[PS-2.48] Neural correlates of auditory artificial grammar learning

Goranskaya, D. 1 , Kreitewolf, J. 1 , Mueller, J. 2 , Friederici, A. 1 & Hartwigsen, G. 1

1 Max Planck Institute for Human Cognitive and Brain Sciences, Department of Neuropsychology, Leipzig, Germany
2 Osnabrueck University, Institute of Cognitive Science, Osnabrueck, Germany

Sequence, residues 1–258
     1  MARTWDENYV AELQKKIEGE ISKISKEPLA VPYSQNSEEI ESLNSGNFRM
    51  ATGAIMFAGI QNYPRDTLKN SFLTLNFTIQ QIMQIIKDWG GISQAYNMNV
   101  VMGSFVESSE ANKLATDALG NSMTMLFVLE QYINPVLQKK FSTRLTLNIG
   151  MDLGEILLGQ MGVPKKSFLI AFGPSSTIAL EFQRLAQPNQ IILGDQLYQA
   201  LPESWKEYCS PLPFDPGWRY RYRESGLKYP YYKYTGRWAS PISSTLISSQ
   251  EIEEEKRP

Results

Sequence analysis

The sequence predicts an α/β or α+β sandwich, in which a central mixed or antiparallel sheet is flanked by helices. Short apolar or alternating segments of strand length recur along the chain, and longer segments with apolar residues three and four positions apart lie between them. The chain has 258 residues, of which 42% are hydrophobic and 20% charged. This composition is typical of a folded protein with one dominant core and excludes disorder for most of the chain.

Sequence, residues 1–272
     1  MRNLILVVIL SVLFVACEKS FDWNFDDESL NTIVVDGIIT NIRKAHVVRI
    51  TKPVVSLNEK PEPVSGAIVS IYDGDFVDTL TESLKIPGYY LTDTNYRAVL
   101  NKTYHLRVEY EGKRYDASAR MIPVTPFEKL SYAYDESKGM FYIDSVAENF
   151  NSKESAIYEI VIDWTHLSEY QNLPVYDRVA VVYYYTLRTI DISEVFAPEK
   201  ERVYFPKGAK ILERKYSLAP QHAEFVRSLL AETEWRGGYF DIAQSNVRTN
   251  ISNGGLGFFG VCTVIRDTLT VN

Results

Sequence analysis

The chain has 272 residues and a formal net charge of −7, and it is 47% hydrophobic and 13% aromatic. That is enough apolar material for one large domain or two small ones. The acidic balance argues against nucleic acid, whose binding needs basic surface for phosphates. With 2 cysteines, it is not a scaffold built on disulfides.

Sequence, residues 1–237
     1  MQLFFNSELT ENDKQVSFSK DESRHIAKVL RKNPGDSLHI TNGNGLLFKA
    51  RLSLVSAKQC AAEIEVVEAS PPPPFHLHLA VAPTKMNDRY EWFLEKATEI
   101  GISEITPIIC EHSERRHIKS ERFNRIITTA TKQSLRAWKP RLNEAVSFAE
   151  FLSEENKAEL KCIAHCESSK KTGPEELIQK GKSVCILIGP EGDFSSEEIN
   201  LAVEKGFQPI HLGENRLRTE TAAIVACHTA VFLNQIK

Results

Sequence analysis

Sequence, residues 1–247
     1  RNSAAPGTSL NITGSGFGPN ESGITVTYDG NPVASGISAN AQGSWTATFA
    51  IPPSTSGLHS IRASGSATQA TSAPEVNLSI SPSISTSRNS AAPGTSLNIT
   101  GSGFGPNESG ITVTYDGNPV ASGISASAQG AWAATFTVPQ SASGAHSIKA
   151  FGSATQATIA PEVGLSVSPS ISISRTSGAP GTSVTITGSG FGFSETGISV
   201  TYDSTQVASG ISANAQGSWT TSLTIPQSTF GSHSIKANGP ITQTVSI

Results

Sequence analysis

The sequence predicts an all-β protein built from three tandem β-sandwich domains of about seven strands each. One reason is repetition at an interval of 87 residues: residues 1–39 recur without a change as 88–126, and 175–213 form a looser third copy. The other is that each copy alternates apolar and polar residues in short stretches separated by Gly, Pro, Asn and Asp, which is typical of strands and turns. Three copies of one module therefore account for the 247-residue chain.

Neural sensitivity to regularities plays a crucial role in the acquisition of various linguistic aspects during auditory sequence processing. We investigated the neural correlates of learning regularities in auditorily presented syllable sequences using an artificial grammar (AG) learning paradigm. While previous neuroimaging studies selectively compared response differences in processing correct vs. incorrect AG sequences as the outcome of learning, we focused on the actual learning process. To explore the neural bases of learning and application of AG rules we employed an fMRI paradigm with alternating learning and test phases in two groups of adults: successful learners and non-learners. We expected that successful learning would modulate neural activity in premotor and parietal areas, associated with speech-motor and verbal working memory processes. Relative to non-learners, successful learners showed increased neural activity in a fronto-parietal network encompassing regions in the left lateral premotor cortex and bilateral superior-inferior parietal areas during both learning and rule application. Based on these activation patterns and the reported learning strategies, we conclude that successful learning and processing of AG rules is mediated via a fronto-parietal network for phonological processes. Specifically, phonological segmentation, phoneme matching, inner rehearsal, and verbal working memory are core processes for successful AG learning.